“What are the characteristics of a drink that will give it staying power?” – Paul Clarke
I didn’t want to go full geek. Maybe in a few sections of the book because there’s a certain segment of the audience expects that. I wanted the book to possibly be someone’s very first cocktail book. I made sure there were very uncomplicated recipes to get started on, up to drinks you’d find at some of the world’s best bars.”
Is there a cocktail, or ingredient, you want to try that you haven’t yet?
“That’s become increasingly difficult. When I launched the blog in 2005 there were all kinds of things you couldn’t get. You couldn’t get a fragrant Jamaican Rum. You couldn’t get Crème de Violette. You couldn’t get all-spice liqueur. You couldn’t get Batavia Arrack or Old Tom Gin. Now I have all these things, often with multiple options, on my home bar.
The things I’m excited to try are the things I don’t know about yet, as odd as that sounds. For example, Rancio Sec, a year and a half ago I’d never heard of. I was introduced to it at the Manhattan Cocktail Classic. It’s a dry, oxidized wine that is very much like Sherry but is its own creäture. I just had it in a cocktail from Cane & Table, last night. It was so exciting to see that inter-circulation, spotted in the wild.”
You’ve noted five classics that inspire the most variations.
Is there one of these cocktails that you’ve observed tends to inspire variations more than the others?
“I think it’s a neck and neck race right now between a Negroni and the Daiquiri. Manhattan spawned a lot of variations, but I think its waning in terms of resource strength for a lot of bartenders.
The Daiquiri may be winning the battle. Which is just. That’s the way it should be. The Daiquiri has been a baseline drink from the beginning. Easy to variate and it’s a very approachable drink. The Negroni is a serious drink that scares a lot of newcomers. The other drinks in that top five are all the brown, bitter and stirred variety. Which is fantastic. But for ‘civilians’ going in to a bar the Daiquiri will always stand out.”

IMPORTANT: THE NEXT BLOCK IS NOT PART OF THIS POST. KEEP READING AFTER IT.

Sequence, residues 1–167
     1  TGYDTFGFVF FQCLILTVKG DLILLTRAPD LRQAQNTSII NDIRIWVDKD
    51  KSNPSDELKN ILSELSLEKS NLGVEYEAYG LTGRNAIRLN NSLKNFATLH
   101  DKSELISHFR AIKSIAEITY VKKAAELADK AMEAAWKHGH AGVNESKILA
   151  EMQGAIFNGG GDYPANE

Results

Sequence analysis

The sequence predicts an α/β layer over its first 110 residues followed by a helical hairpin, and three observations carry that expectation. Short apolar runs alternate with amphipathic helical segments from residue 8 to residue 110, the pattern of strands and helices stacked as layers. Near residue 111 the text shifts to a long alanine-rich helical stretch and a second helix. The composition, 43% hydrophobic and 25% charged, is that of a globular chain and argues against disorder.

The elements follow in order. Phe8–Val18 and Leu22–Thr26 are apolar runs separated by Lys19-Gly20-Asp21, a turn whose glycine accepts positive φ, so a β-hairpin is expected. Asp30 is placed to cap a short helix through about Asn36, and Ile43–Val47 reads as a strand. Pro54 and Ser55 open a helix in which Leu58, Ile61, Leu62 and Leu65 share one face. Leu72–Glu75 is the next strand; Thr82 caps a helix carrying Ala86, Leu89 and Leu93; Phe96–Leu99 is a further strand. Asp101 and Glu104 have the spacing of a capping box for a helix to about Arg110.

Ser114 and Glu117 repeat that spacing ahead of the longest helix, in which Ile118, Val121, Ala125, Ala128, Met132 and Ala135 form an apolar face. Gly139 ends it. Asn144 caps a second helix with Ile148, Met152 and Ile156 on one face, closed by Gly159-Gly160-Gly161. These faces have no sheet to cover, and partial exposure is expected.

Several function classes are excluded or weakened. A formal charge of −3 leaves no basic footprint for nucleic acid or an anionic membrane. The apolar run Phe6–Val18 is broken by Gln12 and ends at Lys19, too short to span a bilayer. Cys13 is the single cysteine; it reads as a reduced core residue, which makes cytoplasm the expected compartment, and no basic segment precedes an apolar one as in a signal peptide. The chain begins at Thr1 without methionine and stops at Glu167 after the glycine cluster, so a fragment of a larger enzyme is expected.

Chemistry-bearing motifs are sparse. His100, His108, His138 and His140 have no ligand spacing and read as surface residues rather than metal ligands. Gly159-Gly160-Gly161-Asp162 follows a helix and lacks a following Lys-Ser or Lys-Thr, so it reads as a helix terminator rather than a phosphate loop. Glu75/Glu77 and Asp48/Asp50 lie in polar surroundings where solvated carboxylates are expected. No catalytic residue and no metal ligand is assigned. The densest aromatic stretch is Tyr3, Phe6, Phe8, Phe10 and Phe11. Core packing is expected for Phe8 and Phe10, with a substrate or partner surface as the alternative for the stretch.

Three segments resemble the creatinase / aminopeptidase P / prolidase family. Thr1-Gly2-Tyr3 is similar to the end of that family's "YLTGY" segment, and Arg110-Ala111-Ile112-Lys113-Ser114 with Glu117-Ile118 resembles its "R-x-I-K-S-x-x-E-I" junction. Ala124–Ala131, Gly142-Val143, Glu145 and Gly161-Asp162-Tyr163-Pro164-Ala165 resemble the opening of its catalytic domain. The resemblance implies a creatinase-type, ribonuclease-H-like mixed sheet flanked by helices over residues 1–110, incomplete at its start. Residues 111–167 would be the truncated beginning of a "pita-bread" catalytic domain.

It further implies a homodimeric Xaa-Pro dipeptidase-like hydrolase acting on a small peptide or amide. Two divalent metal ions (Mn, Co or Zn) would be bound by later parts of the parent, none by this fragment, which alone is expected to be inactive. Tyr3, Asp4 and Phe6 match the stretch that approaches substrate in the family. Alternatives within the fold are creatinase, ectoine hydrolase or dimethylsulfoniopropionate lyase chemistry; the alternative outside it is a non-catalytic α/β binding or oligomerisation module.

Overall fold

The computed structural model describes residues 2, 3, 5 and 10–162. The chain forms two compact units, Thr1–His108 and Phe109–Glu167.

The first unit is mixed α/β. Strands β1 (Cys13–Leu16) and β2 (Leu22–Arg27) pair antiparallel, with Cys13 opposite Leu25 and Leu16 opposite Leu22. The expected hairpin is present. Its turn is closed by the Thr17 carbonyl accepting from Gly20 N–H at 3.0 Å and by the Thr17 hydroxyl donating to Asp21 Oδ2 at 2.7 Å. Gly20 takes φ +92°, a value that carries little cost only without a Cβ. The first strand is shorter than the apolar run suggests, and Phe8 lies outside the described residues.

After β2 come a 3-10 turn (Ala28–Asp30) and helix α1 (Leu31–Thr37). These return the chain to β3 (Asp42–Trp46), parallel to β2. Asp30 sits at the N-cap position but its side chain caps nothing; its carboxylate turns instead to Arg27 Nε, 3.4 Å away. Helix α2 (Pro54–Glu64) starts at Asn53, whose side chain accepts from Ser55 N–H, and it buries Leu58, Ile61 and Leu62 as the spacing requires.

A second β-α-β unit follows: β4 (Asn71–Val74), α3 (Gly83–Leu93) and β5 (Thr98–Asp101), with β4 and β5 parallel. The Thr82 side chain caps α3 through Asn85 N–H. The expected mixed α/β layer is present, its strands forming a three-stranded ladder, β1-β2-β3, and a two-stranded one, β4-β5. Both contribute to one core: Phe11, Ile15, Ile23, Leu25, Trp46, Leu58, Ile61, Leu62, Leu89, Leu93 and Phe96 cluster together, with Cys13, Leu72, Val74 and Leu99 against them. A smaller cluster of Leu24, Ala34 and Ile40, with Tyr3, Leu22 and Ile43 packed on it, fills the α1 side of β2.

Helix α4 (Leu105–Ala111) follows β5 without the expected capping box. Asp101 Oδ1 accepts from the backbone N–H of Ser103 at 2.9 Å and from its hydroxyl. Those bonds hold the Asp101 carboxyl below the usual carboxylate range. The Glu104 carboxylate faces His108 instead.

The Cocktail Chronicles book indicates a growing desire for the public to produce good, simple drinks in their homes? How will that change professional bartending?
“Professional bars will always be where we go to look for creativity. To look for innovation. People need to leave their homes to go out and experience that. At the same time, it’s important for bartenders to understand that guests want something that is very approachable. We’ve been very fortunate during the cocktail renaissance to bring the population along, but we can’t take that population for granted. We need to always be recruiting new members to that audience. We need to have stepping stone drinks to bring them into that conversation.
Bartenders are working with an increasingly knowledgable audience. You often no longer have to explain the difference in rums styles or the difference between Old Tom Gin and London Dry. Drinks are funny. Everyone has their own preconceived notion of how things should be done. Flexibility is key. We need to be open to new approaches and continue to have transparency in how we do things.
If we make drinks too precious, too finicky, there’s a certain percentage of the population will say, ‘To hell with it, I’ll just have wine’.”
Agreed, bartenders have to find that line where they are on the cutting edge, especially in highly competitive markets like San Francisco, New York or Vancouver. We have to make menus with enough complex elements to appeal to cocktail nerds but be approachable enough to get someone started on the journey.